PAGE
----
and just that flashy, too.
"A.M." is a bright and loping calypso that perfectly captures
the happy, early morning mood of a kid running around the house. "Blues
for Melodious T," as you might expect, works minor-second magic at a
Monkish, medium tempo and then surprises you when the horns come in behind Bisio's
solo and end the tune all by their lonesomes. Perfect! "Bab's E"
sets up a dark bass complemented by the tom-toms; the two horns have an animated
conversation in the foreground that builds until it has to explode somewhere,
which it does, into another tempo. Only two of "Greenpeace Suite's"
four parts are played here "Birds" and "Whales."
The first section flies, indeed, at times like a nervous swallow and at others
like a graceful bird of prey.
"Whales" is a sad, aching cry, a plea for survival? "For
Pamela," with Mike's wife Barb on hand percussion, has all the qualities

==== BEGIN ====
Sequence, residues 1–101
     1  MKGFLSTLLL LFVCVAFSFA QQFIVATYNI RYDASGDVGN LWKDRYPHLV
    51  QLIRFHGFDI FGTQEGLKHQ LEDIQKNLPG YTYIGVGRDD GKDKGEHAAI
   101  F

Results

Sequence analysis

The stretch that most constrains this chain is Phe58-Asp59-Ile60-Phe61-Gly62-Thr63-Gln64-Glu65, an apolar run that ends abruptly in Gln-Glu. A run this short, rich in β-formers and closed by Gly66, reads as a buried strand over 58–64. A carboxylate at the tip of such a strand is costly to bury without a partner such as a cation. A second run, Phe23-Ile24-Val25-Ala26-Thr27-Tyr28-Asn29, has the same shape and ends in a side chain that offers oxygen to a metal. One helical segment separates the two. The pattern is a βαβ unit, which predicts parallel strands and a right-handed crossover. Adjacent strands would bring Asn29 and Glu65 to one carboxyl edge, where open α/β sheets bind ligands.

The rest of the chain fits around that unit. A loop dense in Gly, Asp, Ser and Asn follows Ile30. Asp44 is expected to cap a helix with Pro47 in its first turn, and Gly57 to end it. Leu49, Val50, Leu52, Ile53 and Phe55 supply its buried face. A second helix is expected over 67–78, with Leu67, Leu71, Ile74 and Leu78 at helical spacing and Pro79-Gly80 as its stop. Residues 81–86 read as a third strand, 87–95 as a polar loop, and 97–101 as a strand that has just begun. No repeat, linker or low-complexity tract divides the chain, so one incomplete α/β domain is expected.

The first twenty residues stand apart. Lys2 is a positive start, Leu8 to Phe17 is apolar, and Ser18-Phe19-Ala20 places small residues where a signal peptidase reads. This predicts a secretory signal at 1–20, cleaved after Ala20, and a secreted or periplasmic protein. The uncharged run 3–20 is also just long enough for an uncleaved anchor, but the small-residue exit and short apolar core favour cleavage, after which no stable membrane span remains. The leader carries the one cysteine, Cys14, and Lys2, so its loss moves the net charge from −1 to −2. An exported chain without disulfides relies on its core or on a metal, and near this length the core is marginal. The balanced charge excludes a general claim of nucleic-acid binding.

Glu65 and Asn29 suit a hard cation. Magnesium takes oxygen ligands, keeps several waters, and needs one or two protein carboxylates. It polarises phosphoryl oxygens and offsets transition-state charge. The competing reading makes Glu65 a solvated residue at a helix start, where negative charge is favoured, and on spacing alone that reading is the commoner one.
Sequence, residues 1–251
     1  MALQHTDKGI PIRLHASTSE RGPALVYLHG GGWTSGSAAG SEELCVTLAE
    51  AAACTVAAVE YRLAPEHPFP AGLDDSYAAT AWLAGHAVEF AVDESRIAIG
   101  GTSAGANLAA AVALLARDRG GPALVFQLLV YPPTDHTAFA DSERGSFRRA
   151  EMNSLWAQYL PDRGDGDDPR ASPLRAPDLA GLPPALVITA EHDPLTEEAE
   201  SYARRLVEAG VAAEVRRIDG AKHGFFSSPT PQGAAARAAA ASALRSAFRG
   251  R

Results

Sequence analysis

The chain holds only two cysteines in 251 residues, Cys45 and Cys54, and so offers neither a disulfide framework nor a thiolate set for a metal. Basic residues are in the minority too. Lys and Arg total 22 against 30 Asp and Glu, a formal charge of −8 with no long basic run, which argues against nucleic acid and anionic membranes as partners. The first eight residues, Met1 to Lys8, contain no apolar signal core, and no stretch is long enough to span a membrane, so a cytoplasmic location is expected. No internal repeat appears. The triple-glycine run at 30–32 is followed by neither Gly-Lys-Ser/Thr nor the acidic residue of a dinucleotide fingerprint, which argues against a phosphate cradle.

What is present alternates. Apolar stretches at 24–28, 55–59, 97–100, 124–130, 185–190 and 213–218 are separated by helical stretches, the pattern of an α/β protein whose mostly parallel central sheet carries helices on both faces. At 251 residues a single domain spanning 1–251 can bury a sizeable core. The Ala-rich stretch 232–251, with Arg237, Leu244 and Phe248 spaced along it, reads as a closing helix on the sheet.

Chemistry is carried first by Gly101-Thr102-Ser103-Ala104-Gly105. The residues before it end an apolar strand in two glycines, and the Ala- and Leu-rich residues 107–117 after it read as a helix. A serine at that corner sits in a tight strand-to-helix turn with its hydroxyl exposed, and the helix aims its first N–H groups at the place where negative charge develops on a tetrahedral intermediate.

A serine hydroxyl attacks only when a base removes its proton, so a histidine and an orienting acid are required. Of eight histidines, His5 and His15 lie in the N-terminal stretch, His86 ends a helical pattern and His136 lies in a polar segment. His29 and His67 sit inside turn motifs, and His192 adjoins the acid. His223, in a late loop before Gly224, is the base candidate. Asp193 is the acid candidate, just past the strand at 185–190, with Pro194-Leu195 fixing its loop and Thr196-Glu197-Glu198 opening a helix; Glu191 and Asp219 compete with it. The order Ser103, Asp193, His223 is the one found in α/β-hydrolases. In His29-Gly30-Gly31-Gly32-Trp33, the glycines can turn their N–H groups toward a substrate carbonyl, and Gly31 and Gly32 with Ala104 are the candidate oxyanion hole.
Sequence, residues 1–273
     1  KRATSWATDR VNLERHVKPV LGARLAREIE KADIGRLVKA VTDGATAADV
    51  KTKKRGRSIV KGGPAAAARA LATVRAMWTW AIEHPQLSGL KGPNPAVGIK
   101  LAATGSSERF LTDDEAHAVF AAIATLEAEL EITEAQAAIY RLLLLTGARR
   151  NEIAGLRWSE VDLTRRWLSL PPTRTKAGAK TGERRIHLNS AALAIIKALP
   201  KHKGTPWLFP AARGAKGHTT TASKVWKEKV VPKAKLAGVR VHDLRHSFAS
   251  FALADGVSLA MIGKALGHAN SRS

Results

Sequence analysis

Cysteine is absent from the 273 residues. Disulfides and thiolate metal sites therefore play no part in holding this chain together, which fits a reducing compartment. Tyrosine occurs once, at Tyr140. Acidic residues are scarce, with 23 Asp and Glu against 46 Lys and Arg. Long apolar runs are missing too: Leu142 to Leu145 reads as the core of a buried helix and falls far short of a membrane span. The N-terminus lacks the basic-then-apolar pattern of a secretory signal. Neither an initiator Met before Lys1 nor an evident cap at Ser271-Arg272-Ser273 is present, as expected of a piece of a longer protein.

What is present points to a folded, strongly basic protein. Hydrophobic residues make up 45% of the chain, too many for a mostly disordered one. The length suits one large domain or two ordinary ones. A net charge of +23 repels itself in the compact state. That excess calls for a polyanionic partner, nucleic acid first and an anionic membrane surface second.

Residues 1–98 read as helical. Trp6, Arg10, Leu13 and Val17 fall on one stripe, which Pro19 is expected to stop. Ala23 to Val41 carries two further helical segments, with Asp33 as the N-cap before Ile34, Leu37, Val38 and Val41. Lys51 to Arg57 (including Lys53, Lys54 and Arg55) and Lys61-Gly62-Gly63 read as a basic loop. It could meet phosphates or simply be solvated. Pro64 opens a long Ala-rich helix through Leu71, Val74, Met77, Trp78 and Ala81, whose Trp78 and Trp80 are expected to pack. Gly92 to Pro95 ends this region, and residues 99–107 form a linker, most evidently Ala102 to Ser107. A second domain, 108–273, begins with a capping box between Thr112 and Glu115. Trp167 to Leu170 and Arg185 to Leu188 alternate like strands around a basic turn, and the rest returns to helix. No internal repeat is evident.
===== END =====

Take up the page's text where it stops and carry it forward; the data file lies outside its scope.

that make this an exciting and mature jazz album. Structurally it is brilliant,
not only in the way the alternating and unexpected bass pattern bounds beneath
the stretched, suspended-in-time horn line but how, after the solos, it suddenly
opens up into a new theme, as if all the dark intensity that went before had to
break open to some bright, new place. Wow!
These are the kinds of moments we're used to getting in the most intense and committed
"free" music the little surprises and twists, the big shifts
of perception. But here they all are, within the "inside" framework
of tunes and changes. That's a lot of what jazz in the 80's is all about, and
Michael Bisio is right up there with the best. At least that's exactly how I hear
Paul de Barros